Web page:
Common rapid home tests fail to reliably detect an omicron COVID-19 infection
Two new omicron subvariants have overtaken BA.5 as the prevailing versions of the coronavirus in the U.S.
BA.5 became dominant in July, then consistently accounted for the majority of new Covid infections until last week.
But data from the Centers for Disease Control and Prevention published Friday showed that the new subvariants — called BQ.1.1 and BQ.1 — have taken over. The two together make up around 44.2% of new Covid infections, whereas BA.5 makes up just 29.7%.
"BA.5 is essentially declining quickly, probably soon to be gone," said Dr. Dan Barouch, director of the Center for Virology and Vaccine Research at Beth Israel Deaconess Medical Center in Boston.
BQ.1.1 and BQ.1 cases are also rising in the U.K. and elsewhere in Europe. The two subvariants made up around 18% of new infections in the European Union from Oct. 17-30, and the European CDC expects that share to jump to more than 50% this month or next.
Both of the subvariants are considered part of the BA.5 family — they're sublineages that evolved from BA.5. But preliminary data suggests they are better at evading immunity from Covid vaccines, including the new bivalent boosters, or a previous Covid infection than past versions of omicron. That may give these subvariants higher transmissibility, which could fuel a rise in cases this winter.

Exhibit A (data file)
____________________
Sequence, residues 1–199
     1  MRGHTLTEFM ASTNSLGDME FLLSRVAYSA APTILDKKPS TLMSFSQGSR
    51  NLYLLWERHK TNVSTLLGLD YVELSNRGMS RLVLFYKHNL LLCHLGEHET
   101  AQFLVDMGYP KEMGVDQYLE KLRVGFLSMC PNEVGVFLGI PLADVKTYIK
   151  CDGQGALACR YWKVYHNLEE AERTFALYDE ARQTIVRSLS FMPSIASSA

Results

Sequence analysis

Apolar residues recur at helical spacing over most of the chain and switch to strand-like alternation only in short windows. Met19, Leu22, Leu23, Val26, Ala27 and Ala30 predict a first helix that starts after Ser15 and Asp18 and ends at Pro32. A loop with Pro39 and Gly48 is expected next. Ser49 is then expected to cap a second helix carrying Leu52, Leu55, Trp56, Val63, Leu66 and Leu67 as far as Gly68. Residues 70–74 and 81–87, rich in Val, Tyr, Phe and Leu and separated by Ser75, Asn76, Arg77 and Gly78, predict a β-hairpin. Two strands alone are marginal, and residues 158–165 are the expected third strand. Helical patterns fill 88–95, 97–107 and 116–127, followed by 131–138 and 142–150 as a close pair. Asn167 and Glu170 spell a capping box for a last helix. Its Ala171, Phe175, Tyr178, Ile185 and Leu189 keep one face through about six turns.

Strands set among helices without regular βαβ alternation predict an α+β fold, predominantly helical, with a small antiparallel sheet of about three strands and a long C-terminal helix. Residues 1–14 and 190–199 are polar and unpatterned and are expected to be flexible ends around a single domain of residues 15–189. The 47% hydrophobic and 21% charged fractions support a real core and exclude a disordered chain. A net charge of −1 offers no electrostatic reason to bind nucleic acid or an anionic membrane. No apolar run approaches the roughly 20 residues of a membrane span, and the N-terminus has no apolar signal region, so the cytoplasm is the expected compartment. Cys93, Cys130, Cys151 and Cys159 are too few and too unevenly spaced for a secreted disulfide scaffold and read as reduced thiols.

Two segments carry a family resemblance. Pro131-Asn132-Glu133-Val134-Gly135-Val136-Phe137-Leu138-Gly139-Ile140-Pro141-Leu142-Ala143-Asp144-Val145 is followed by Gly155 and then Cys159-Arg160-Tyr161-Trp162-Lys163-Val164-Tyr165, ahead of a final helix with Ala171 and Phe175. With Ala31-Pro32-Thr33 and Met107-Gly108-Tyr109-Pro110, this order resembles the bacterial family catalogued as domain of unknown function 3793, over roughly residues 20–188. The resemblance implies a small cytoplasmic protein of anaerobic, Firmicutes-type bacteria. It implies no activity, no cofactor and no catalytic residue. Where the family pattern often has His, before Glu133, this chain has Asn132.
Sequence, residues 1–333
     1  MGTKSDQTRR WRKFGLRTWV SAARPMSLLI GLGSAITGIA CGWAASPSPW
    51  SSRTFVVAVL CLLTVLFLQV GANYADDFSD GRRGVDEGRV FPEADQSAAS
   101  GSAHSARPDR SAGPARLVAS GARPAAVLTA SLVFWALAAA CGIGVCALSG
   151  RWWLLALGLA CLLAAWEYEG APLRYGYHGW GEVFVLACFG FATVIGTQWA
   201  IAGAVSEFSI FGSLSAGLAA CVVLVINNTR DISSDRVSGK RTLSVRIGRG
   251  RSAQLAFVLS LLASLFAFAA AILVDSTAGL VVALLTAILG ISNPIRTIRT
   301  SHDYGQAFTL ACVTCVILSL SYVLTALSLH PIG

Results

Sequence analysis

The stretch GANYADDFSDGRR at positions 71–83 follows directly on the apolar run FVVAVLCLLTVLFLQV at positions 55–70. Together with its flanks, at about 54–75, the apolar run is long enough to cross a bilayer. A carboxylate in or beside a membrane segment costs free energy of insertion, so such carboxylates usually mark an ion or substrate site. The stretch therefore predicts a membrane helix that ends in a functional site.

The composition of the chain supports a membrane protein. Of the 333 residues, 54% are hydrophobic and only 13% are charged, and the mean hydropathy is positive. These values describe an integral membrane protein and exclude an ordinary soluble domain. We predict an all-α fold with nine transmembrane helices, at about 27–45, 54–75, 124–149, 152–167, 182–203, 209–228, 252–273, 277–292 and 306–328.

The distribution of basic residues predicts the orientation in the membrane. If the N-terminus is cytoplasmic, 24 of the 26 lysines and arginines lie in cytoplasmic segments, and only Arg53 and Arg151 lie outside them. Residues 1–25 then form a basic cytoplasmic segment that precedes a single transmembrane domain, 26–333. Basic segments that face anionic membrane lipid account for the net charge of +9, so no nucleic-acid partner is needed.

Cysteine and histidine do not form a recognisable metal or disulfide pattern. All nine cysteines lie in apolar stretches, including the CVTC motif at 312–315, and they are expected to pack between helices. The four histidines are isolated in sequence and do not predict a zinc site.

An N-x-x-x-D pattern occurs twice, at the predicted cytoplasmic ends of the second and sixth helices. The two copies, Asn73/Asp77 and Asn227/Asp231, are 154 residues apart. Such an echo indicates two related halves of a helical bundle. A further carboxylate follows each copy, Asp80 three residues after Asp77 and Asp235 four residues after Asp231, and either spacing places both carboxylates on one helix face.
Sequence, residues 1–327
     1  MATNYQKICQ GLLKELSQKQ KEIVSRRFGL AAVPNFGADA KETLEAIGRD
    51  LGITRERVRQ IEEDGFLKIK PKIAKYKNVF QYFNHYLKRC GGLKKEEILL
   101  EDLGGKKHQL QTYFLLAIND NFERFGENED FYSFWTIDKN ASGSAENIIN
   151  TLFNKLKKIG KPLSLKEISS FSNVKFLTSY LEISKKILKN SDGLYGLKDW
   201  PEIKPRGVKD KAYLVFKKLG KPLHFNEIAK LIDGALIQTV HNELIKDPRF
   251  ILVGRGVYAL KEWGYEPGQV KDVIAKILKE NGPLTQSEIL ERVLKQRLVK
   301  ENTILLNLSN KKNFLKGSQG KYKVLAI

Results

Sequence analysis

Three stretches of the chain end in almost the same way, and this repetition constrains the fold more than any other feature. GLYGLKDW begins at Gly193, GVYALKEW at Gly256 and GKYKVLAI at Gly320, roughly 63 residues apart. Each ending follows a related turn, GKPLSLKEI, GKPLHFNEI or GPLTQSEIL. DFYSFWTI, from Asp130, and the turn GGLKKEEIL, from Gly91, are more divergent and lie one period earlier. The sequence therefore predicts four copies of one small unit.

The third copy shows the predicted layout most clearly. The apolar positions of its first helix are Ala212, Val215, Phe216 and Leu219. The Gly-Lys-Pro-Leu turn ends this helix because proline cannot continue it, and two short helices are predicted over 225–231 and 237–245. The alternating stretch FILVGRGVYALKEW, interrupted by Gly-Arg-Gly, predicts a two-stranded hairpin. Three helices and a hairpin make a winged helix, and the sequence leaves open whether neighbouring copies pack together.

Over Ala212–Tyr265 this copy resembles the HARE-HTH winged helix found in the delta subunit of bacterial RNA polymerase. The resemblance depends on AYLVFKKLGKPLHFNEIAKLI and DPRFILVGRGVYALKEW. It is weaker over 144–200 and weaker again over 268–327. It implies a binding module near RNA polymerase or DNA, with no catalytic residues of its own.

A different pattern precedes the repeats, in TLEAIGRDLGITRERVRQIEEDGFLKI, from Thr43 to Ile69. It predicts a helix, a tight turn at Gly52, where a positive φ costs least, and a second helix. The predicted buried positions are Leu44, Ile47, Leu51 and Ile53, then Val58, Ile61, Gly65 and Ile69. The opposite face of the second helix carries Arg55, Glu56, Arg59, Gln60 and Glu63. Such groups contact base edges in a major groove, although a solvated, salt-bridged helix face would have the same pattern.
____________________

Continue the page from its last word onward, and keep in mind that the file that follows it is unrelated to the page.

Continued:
Study: Common rapid antigen home tests fail to reliably detect an omicron COVID-19 infection
Dutch researchers reveal that the sensitivities of three commonly used rapid antigen tests, when used in asymptomatic people in the Omicron period, were very low and suggest repeat testing after a negative test. The study is published in Clinical Microbiology and Infection.
The study was conducted between Jan 2 to Mar 30, 2022, when Omicron accounted for 90% to 99.5% of all cases in the Netherlands. A total of 3,600 asymptomatic people with suspected COVID-19 were tested using one of three at-home rapid antigen tests and a reverse-transcription polymerase chain reaction (RT-PCR) test. Home tests were provided within 3 hours of taking an RT-PCR test.
Overall sensitivities for the three home tests were 27.5% (95% confidence interval [CI], 21.3% to 34.3%) for Flowflex, 20.9% (95% CI, 13.9% to 29.4%) for MPBio, and 25.6% (95% CI, 19.1% to 33.1%) for Clinitest. After applying a viral load cut-off, sensitivities increased to 48.3% (95% CI, 37.6% to 59.2%), 37.8% (95% CI, 22.5% to 55.2%), and 40.0% (95% CI, 29.5% to 51.2%), respectively.
Participants with negative tests also filled out a questionnaire, which showed 54.8% retested in the 10 days following a negative test, with 24.6% testing positive.
The positive predictive values were greater than 92%, and negative predictive values were greater than 88% for all self-tests. The authors said previous studies on self-tests conducted before Omicron yielded better sensitivities, at 52.5% in asymptomatic individuals.
"We conclude that SARS-CoV-2 self-testing has limited value for asymptomatic individuals wishing to protect vulnerable persons and may even lead to a false sense of security," the authors wrote. "The high SARS-CoV-2 infection rate within 10 days of a negative RT-PCR test that we found in our study emphasizes the importance of re-testing over time, especially when symptoms develop, to reduce missed infections as much as possible."